Unlike anything you’ve seen before, but with familiar rings of the Bard’s own work, Shake It Up use audience suggestions and prompts to come up with an entirely improvised Shakespeare-esque play!  


There is little to be said here other than sheer praise for the troupe and their quick wit, charm, and knack for communicating in Shakespeare’s classic Jacobean style. Though expectations were lowered when, during the introductions, Shakespeare’s apparently well-known (though actually non-existent) Henry IV Part 3 was mentioned, the cast quickly quelled any concerns with their fantastic engagement with the audience and brilliant performance. Indeed, this Shakespeare snob was put in her place as it became apparent that this group of actors had exactly the knowledge required to achieve this ridiculous and fun premise.  


It is no surprise that James Dart is also the artistic director of this company – he commands the stage with ease, improvising quick and clever call-backs to plot-points or audience prompts, and it is clear that he’s found his (admittedly rather niche) calling! Edward Kaye delights in over-the-top villainy and does a wonderful job of taking prompts to the extreme, much to the raucous laughter of the whole auditorium. Joe Prestwich is a clear master of the improvised rhyming couplet (a necessary staple of the closing of any Shakespearean scene!) and James Alston manages to weave his seemingly vast general knowledge – or perhaps just that of Japan – into clever scene-setting and characterisation.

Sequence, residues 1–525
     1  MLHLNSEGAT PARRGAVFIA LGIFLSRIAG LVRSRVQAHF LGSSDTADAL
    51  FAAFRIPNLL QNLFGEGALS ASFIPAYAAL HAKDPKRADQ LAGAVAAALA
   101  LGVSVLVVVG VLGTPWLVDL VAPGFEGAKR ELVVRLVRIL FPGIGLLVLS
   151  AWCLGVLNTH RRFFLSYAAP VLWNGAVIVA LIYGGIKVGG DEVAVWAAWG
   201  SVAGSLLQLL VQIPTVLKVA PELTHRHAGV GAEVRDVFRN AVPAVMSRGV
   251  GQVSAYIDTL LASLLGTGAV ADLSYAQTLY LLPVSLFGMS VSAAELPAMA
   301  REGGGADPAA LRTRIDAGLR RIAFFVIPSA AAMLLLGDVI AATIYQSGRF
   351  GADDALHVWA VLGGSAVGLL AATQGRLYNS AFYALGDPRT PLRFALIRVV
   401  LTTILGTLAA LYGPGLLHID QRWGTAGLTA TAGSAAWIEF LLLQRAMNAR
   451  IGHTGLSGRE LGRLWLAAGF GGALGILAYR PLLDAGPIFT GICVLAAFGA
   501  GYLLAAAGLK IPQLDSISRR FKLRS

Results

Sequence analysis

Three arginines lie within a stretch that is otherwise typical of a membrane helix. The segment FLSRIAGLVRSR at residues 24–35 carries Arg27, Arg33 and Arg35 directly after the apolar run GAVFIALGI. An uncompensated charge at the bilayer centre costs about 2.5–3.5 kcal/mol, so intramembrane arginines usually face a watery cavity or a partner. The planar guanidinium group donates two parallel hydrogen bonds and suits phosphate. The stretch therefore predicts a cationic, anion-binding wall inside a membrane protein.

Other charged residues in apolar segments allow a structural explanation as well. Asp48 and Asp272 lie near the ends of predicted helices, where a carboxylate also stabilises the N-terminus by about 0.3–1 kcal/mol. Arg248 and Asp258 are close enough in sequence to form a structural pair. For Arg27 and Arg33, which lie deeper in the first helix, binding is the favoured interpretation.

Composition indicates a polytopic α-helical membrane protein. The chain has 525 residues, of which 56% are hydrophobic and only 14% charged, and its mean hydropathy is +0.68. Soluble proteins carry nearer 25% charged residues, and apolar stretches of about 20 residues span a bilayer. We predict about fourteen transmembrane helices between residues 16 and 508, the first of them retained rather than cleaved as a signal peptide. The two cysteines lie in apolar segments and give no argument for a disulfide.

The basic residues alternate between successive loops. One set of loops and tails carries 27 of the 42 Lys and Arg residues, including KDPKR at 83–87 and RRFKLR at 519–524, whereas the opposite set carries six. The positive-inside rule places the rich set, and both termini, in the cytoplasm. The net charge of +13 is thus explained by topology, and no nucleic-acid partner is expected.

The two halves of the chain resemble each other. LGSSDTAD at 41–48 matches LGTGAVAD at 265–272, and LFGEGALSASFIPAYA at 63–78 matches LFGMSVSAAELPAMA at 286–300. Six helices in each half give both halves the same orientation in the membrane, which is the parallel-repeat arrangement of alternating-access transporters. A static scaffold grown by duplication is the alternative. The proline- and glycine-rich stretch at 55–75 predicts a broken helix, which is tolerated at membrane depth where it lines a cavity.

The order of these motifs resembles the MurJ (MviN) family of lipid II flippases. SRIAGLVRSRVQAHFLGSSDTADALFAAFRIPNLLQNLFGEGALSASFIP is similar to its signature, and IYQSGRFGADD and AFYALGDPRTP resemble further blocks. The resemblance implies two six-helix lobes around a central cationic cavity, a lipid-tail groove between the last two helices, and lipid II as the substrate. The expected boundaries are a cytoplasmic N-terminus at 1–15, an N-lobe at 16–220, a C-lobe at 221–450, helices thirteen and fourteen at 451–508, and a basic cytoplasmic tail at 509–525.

There were perhaps a few times where a little more audience influence would have made for an even more impressive and exciting performance (though in fairness that evening’s audience were somewhat reserved!); and once every performer can match Dart’s energy, understanding of the genre, and improvisation skills – this should be read as no slight to the others, he really is that good – Shake It Up will have the very brightest of futures!  


The true test will be seeing if future performances really are as unique as they claim to be – perhaps the only way to find out is to go again! 


Not here for long, so catch it while you can at The Turbine Theatre until 4th November.  



Review: Penny Lane